The strange world of war tourism

Fancy a trip to Iraq? How about the Democratic Republic of Congo? Of course not, it’s too dangerous, right? Well that’s exactly what makes the world of war tourism go around. The thrill of going into active war zones and past areas of conflict where there is “a higher than average level of risk”.

Take Toshifumi Fujimoto, a Japanese truck driver who gets his kicks from going into war-torn Middle Eastern countries. He was most recently spotted in Syria, where he told the AFP that being on the frontline is “very exciting, and the adrenaline rush is like no other.” Syria, which became embroiled in a civil war over three years ago, is also the world’s most dangerous country for journalists. While he claims that it’s more dangerous in Syria to be a journalist than a tourist, Fujimoto himself has been taking photos of the conflict that he shares with friends on his Facebook page. He explained that he’s not afraid of getting killed since he’s “a combination of samurai and kamikaze.”  

 We’ve heard this thrill-seeking discourse before from war journalists, for example. American political satirist and journalist P.J. O’Rourke famously claimed he was a “Trouble Tourist” rather than a “foreign correspondent”, for the latter was “too dignified a title”. In the introduction of his collection of stories, Holidays of Hell, O’Rourke explains that this kind of tourism requires “going to see insurrections, stupidities, political crises, civil disturbances and other human folly because… because it’s fun.”

This obviously doesn’t mean that all journalists desire to see war, but if you find yourself in the media industry, it’s not that unusual to hear adrenaline junkies saying that “war is fun”. Yet this observer’s main point is not to get into the endless debate of real bias. And most war reporters boast they’re documenting armed conflict purely for the sake of alerting the world to human suffering anyway.

But what if you don’t want to venture into a conflict zone on your own? I don’t blame you for not wanting to dodge bullets solo, but in that case you have to be willing to splash up to $40,000 on travel agencies such as Hinterland Travel and Warzone Tours, which specialise in the ultimate extreme travel. Whether it’s Kabul, Baghdad or Mogadishu, these experienced providers – who usually have a military or security background – strive to deliver tour packages that fulfil your excitement requirements.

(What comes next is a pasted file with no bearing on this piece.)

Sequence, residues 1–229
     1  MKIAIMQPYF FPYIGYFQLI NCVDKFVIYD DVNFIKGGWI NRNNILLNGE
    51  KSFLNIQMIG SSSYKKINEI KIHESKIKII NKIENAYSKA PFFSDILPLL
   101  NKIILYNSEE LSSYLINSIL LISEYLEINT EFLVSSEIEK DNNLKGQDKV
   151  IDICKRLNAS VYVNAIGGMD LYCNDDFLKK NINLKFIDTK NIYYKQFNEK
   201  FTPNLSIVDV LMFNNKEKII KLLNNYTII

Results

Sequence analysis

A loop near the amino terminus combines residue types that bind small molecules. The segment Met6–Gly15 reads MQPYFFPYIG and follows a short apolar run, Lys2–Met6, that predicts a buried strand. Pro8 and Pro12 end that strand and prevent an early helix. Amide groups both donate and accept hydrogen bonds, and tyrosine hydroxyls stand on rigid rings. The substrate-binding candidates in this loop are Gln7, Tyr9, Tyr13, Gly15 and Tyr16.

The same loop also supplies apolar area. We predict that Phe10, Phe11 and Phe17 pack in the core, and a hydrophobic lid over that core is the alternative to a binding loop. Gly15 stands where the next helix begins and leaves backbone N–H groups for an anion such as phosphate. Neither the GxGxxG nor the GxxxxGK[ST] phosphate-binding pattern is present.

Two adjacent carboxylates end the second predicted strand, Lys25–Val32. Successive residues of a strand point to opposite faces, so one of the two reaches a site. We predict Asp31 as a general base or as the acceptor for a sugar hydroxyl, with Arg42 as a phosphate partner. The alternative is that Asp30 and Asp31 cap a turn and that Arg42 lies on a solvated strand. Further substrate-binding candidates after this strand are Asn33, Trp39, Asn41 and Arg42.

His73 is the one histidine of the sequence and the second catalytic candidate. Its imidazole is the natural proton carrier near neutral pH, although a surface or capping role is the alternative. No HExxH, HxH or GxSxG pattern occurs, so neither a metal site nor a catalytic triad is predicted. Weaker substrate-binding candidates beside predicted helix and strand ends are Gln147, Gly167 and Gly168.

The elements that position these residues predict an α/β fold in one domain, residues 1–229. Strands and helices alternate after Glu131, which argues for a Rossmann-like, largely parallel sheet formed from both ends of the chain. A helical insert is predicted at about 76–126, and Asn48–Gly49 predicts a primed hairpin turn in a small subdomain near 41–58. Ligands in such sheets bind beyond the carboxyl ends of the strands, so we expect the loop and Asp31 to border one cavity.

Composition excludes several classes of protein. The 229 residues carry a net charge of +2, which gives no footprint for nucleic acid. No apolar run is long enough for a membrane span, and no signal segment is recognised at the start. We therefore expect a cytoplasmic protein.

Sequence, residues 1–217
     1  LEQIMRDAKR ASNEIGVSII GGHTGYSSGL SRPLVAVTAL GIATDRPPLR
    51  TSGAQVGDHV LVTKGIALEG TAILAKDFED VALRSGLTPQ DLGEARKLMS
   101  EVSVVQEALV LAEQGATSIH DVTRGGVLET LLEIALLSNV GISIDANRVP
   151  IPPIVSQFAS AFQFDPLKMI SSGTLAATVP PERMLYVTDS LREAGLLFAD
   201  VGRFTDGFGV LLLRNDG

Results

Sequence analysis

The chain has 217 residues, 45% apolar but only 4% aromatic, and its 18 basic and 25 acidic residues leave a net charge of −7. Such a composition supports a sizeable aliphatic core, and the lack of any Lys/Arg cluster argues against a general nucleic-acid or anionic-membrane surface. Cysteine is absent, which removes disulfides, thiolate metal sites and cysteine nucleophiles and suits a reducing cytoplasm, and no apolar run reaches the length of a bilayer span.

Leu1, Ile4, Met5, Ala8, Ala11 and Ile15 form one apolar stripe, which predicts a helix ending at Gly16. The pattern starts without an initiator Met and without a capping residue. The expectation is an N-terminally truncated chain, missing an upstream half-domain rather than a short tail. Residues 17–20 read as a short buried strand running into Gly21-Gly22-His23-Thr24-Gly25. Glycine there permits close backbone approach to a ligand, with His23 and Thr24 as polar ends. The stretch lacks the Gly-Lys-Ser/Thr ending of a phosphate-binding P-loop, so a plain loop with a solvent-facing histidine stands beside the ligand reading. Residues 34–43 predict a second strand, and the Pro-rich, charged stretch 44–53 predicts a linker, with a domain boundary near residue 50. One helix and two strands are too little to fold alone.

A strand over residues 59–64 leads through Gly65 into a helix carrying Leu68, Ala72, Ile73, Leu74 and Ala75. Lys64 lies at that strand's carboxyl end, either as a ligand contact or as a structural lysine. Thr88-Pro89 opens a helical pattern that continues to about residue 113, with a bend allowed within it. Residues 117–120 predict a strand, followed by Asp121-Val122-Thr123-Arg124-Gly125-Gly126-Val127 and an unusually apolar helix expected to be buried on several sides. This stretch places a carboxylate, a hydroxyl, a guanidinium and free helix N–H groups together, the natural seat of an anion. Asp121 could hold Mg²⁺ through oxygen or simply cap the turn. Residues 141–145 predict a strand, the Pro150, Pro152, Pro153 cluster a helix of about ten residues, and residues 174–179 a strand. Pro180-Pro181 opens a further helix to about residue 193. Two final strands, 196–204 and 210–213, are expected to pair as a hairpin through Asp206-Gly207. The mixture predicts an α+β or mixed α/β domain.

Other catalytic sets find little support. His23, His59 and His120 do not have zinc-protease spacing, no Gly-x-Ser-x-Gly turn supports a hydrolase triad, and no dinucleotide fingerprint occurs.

Just bear in mind that the more ambitious you are, the higher the price tag. Security, logistics and planning in the world’s worst places come at a price. I wonder what the tour guides’ criteria is for accepting war tourists. How do they know that the visitors will be able to keep it cool when their guide drives along dangerous roads, bomb sites or disputed territories? Or that they will not freak out if somehow they end up with an AK-47 pointed to their heads?

Ethical criticism of war tourism is mainly targeted at the exploitative aspect of this niche form of travel, with the number one argument being that this vacation concept is twisted and somewhat heartless. It’s arguably not acceptable to have a fun, adventurous holiday, at the expense of someone else’s worst nightmare. Someone’s bombed home or local business, which will most likely end up on your Instagram account, shouldn’t become your holiday playground.

And, as Laura Moth points out, war tourists may even end up funding an oppressive regime: “think of flying the national carrier, paying for a visa or spending money that inevitably gets funneled upwards to the same old structures of power.” 

The fact that travel agencies are profiting from this is also an ethical concern. But they insist their guides provide the necessary context and encourage visitors to engage with locals. One could also argue that war tourists offer a helping hand to local businesses (the obvious benefit of tourism). And, if visitors happen to sympathise with the victims’ situation, they might try to help in some way.

War tourism is not to be confused with dark tourism – the latter doesn’t deal with active conflict zones – though there are some similarities. As dark tourists, most of us are drawn to “sites of death, disaster or the seemingly macabre”, such as the Tower of London, Auschwitz, Alcatraz Island, Cambodia’s Tuol Sleng Killing Fields or the World Trade Center. This idea that we’re naturally fascinated by death is certainly not new. 

But as far as the specific fascination with death-related sites goes, the Institute for Dark Tourism Research from the University of Central Lincolnshire, launched a couple of years ago, admits that “our understanding of both production and consumption of dark tourism remains limited”. However, they suggest that attendance at events such as Roman gladiatorial games or even medieval executions could be considered dark tourism. I guess that says something about our morbid nature.

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